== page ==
“We’re hiring!” – and that means I’m looking at a lot of CVs!
Unlike some organisations, we don’t use bots or algorithms to filter applications – we’re a human business, looking for other talented humans to join us. But there’s a huge array of talent applying for every role we have – so how do you make it past the first glance?
First impressions – a clean, concise, well organised CV
- A one-page CV is great, but might not be enough to include some important details – 2 pages are ideal, but if you’re getting beyond 3 or 4, you may want to start editing
- It can project your personality, but your résumé doesn’t need to be in technicolour, full of company logos or using this season’s fashionable colours or fonts – these may distract from your real qualities.
- Start with the basics –
- your contact details – so we can get hold of you by phone and email
- current location – are you in a good location for the job?
- a short statement will help me to understand who you are – an inspirational quote from a personal hero is interesting, but I’d rather read about you in your own words!
Work experience – the main course
Chronological summary is usually best, starting with your latest role – keep it punchy!
- Job title, company, location and dates
- Your key responsibilities & tasks
- Highlight major achievements or challenges you have overcome – the golden nuggets from your own coalface
I may not need to know about every job from your early career, but if you learned or achieved something valuable from that role, let me know.
Account for any gaps or career breaks – nothing raises suspicions more than an unexplained hole in the timeline!
Education – your platform
Depending on the level or type of job, or stage in your career, you’ll probably want to include your basic school education and highest further studies.
- An apprenticeship, a college diploma or degree, Masters or PhD shows your commitment to investing in your own future, and evening classes reinforce this – demonstrate how you’re always learning
- For many roles, I’m more interested in what you’ve achieved as an adult than the exams you sat as a youth, but it’s useful to see the highest level of education you achieved.
Other skills – added value
- We often recruit for multinational environments, so an accurate picture of your language abilities (including your mother tongue) are vital
- Familiarity with IT systems – almost everyone in business uses Microsoft Office daily, but how advanced are your Word, Excel, PowerPoint and database management skills? If you’ve worked with SAP or manufacturers’ in-house systems, list them
- Driving accreditation or restrictions are useful to know about in our business, together any other major training courses or accreditation you have completed at work.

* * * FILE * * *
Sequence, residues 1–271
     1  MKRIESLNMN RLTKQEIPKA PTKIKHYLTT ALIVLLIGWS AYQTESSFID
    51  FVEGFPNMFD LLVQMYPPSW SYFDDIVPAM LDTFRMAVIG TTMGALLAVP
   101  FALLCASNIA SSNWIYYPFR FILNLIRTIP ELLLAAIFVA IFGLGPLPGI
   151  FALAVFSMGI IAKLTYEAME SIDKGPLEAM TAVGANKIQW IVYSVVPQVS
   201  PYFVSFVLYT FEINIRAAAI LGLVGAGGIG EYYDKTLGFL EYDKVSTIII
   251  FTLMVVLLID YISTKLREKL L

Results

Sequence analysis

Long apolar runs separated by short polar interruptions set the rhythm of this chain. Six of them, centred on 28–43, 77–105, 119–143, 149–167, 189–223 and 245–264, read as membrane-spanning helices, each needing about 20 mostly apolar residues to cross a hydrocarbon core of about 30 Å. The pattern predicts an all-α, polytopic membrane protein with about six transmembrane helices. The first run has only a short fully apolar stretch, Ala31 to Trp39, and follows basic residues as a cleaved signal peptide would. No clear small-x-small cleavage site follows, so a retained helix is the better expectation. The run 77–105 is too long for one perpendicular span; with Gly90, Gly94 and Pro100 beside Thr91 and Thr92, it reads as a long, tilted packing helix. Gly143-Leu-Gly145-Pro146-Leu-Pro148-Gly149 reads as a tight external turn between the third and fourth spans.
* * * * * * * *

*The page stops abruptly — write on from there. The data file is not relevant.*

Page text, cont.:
Hobbies, Interests & Passions – what makes you unique?
- This is your opportunity to demonstrate your character and personality, to show how you tick, what lights your candle and makes you stand out from the crowd
- Whether it’s charity work in your community, sporting achievements or just your passion, paint me a picture of your life and why I’d want to meet you.
Personalisation – make it bespoke
Tailoring your CV to each application shows your commitment to presenting yourself to an employer. But in an age of 1-click applications, where using a single, standard CV may be the only realistic option, make sure you include a brief letter or message to introduce your application, and draw out the key attributes you would bring to the job, together with your motivation in applying. This may need a little research into the company you are applying to, or the person responsible for recruitment, but this will show that you have done your homework and taken a genuine interest.
Linkedin has revolutionised how we find talent for our business – make sure your CV and your Linkedin profile are consistent, and add details of your duties, responsibilities and achievements to each role you list – a job title alone is not enough.
We recruit on attitude and character – we find these to be much better measures than experience alone – and we often hire from outside the automotive sector, as we find fresh ideas and new thinking out there. But it’s useful to see where there may be knowledge gaps so we can support your training and development from Day 1 – be honest and open about where you think your areas for development might be, and how you intend to address them. An enlightening employer will welcome your open approach.
A good CV is an elegant work of art, but remember its true purpose is to get the attention of your next employer and convince them to find out more.
Author: Gareth Ebenezer – Client Services Manager, AMS Ltd.